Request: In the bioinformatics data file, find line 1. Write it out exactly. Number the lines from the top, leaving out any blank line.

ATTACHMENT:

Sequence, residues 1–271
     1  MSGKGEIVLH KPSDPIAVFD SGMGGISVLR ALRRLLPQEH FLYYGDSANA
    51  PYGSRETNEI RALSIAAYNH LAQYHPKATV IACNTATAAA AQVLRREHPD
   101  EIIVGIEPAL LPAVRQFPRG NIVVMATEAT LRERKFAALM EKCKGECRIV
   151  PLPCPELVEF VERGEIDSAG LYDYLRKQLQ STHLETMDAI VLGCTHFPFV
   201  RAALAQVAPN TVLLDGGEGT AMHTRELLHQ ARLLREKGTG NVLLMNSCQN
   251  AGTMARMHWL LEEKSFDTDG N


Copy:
Sequence, residues 1–271